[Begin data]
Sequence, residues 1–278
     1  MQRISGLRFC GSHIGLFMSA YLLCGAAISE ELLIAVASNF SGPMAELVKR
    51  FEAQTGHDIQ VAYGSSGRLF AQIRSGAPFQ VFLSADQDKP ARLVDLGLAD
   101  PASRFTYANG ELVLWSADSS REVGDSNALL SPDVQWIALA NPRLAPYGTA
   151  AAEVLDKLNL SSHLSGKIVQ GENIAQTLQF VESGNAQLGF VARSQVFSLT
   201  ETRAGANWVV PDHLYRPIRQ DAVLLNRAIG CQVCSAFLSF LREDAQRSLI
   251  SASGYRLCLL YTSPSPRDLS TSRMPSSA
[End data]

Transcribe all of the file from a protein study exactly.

Sequence, residues 1–278
     1  MQRISGLRFC GSHIGLFMSA YLLCGAAISE ELLIAVASNF SGPMAELVKR
    51  FEAQTGHDIQ VAYGSSGRLF AQIRSGAPFQ VFLSADQDKP ARLVDLGLAD
   101  PASRFTYANG ELVLWSADSS REVGDSNALL SPDVQWIALA NPRLAPYGTA
   151  AAEVLDKLNL SSHLSGKIVQ GENIAQTLQF VESGNAQLGF VARSQVFSLT
   201  ETRAGANWVV PDHLYRPIRQ DAVLLNRAIG CQVCSAFLSF LREDAQRSLI
   251  SASGYRLCLL YTSPSPRDLS TSRMPSSA